The present small wall fragment depicts the future Buddha, Maitreya, seated with both legs pendent in the so-called 'Western' pose with hands in abhaya and varada mudras, symbolizing the expulsion of fears and the bestowal of wishes. These extremely attenuated forms in low relief were repeated in niches of single figures or triad groups, and their low relief cascading drapery would have appeared to flicker and move in the torch-lit gloom of the very earliest caves executed at Longmen, such as the famous Guyang cave begun when the Northern Wei rulers moved their capital from Datong to Luoyang in AD 494, and thereby transferred their patronage from the Yungang monastery to that at Longmen because of its proximity to the new capital.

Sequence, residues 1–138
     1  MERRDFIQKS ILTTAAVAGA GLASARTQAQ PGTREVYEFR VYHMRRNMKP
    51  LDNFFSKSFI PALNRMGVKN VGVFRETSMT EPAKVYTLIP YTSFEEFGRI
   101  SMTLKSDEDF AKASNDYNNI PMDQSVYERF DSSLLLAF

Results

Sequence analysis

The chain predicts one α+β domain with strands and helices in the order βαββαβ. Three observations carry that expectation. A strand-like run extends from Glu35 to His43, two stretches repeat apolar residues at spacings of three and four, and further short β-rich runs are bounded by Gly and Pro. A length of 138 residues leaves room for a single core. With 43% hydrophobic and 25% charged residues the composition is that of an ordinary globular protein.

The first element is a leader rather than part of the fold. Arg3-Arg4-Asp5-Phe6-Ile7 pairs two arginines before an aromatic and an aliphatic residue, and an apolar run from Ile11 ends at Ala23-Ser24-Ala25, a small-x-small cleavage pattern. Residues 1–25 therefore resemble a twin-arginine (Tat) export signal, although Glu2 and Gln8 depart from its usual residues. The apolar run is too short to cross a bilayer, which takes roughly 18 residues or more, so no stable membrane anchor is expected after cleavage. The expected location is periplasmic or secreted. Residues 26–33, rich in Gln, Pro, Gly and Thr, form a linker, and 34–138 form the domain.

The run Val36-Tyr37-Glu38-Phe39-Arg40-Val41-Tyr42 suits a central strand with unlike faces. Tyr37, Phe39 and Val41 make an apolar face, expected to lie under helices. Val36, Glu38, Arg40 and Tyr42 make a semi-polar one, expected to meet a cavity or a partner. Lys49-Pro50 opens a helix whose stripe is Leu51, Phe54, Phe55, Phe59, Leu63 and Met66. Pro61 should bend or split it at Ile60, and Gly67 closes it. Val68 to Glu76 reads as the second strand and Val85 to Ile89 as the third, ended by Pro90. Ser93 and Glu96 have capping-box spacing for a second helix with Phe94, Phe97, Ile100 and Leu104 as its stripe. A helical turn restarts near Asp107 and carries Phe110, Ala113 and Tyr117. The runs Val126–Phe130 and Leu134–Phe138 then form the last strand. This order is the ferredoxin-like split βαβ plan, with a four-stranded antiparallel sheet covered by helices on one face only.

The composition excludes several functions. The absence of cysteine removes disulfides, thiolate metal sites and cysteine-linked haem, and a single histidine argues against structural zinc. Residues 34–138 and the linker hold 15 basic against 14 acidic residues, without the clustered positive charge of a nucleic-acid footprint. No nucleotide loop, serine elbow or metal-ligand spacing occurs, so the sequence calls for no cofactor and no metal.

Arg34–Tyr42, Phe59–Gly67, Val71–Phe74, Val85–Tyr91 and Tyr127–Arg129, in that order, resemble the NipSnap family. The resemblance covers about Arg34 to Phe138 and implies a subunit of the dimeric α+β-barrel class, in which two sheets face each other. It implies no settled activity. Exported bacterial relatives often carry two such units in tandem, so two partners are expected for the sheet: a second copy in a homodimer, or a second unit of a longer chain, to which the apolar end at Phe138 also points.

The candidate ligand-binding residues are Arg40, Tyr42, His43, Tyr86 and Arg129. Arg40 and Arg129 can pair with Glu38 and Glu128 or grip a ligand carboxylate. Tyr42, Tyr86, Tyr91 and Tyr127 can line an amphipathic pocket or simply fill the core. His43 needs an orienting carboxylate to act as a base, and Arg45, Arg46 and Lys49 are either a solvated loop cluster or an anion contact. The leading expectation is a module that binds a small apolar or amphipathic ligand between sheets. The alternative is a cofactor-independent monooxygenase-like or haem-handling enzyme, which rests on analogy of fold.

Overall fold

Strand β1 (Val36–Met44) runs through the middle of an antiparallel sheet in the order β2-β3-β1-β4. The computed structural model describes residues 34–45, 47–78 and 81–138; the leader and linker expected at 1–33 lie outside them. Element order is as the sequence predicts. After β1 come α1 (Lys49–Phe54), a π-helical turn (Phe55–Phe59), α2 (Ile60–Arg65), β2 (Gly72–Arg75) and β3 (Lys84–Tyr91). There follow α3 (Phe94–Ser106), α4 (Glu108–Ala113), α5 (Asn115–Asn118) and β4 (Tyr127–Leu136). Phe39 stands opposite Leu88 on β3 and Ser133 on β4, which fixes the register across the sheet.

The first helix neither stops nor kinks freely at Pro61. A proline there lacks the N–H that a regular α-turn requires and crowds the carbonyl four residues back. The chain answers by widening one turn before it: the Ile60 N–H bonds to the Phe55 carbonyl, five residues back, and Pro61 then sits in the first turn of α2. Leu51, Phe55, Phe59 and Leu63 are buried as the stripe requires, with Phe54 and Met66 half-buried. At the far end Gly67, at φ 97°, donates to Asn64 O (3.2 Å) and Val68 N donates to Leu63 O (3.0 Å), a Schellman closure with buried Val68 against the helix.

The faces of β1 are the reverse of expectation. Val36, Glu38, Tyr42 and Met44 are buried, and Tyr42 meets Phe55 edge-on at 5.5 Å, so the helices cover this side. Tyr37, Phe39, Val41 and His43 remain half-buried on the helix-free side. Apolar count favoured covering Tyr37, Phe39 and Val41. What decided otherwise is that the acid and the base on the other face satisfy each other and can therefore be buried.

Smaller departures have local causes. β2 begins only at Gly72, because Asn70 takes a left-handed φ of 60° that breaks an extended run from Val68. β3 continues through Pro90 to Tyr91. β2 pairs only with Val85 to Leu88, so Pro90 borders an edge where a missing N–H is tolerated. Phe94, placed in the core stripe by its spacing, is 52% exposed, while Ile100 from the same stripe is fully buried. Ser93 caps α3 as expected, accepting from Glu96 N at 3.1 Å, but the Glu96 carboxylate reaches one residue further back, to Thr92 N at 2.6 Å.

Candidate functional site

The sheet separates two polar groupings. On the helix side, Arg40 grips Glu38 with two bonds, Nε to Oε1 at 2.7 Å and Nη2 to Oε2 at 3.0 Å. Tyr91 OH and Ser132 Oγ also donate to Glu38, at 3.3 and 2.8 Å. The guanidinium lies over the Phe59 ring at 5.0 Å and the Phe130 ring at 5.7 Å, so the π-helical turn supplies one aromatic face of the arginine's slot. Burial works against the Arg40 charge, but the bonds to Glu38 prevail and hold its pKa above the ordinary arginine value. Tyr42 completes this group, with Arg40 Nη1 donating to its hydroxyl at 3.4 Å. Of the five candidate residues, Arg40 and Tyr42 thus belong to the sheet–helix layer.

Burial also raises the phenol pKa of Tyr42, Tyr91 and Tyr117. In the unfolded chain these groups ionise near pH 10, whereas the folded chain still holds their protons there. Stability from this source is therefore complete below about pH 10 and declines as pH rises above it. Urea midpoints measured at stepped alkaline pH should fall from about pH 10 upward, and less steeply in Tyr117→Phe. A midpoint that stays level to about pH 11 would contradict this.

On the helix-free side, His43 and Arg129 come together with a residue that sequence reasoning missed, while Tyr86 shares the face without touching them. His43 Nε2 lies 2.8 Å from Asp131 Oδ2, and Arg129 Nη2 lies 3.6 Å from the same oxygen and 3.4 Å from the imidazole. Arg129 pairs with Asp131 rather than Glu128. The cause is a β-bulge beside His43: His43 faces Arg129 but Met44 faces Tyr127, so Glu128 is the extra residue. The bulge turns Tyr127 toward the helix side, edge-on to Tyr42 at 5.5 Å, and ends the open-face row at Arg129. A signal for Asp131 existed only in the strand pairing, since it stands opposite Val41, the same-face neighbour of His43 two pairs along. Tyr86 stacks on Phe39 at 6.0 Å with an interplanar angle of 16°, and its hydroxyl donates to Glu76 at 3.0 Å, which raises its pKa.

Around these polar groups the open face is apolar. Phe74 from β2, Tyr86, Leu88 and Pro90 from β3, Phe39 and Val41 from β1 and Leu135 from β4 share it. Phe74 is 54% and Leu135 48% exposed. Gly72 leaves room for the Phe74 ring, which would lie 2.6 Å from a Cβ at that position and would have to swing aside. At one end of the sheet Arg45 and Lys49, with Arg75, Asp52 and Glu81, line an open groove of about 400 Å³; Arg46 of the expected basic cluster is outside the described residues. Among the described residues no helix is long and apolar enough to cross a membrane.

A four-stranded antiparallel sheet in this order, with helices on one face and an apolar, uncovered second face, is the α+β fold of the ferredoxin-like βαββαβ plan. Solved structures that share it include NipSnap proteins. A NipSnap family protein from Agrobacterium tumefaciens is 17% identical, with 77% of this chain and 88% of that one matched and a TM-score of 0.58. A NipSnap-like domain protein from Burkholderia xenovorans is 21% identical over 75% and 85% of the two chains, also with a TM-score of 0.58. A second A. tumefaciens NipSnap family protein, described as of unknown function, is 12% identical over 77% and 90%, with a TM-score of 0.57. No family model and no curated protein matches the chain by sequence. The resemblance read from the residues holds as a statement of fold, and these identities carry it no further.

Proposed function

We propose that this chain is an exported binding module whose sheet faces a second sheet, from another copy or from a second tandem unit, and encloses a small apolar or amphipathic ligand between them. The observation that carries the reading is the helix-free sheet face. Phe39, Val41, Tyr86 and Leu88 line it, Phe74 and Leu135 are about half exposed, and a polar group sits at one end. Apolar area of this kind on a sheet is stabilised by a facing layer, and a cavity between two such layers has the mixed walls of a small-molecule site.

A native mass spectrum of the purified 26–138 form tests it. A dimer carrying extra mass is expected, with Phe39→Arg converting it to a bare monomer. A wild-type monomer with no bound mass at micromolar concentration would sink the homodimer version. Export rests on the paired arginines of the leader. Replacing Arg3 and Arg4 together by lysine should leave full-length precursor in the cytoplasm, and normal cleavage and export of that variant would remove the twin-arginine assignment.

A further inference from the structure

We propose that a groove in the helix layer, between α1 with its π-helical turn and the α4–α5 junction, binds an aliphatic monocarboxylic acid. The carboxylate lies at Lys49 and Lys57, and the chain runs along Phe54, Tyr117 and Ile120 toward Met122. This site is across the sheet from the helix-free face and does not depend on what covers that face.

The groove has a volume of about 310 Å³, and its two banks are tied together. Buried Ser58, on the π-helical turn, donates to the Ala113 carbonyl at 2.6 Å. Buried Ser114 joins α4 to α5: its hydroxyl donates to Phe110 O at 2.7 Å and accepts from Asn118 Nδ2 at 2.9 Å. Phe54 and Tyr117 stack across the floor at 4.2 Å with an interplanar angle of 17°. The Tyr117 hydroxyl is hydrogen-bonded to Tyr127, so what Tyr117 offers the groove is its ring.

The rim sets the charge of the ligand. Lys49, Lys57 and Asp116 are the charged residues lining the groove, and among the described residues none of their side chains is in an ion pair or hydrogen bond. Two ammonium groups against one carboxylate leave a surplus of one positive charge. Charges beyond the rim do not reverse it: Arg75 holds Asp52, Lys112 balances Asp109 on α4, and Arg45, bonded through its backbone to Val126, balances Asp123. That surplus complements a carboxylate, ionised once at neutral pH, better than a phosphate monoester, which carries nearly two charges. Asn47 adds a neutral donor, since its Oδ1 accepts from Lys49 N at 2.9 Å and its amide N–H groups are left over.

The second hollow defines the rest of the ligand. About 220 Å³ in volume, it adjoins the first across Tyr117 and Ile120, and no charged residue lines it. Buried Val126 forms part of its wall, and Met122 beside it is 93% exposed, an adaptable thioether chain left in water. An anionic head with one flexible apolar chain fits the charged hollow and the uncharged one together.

Compare a low-relief figure, arguably identifiable with the Guyang Cave, seated in the cross-legged pose traditionally associated with Maitreya, beneath a widening skirt with flattened, rippling, pleated hems, in the collection of the Norton Museum of Art, Palm Beach, illustrated by J. Finlay, The Chinese Collection: Selected Works from the Norton Museum of Art, West Palm Beach, 2003, no.48. An extremely closely related figure excavated from the Longmen site is illustrated in Zhongguo Meishu Quanji, Diaosu - 11 - Longmen Shiku Diaoke, Beijing, 1988, fig. 49; while fig. 48 is facially different but posturally similar to the present lot. The latter is also similar to another Longmen Maitreya in the Western pose, formerly in the collection of Avery Brundage, now preserved in the Asian Art Museum of San Francisco, and illustrated by d'Argence, Chinese, Korean and Japanese Sculpture in the Avery Brundage Collection, Tokyo, 1974, fig. 40.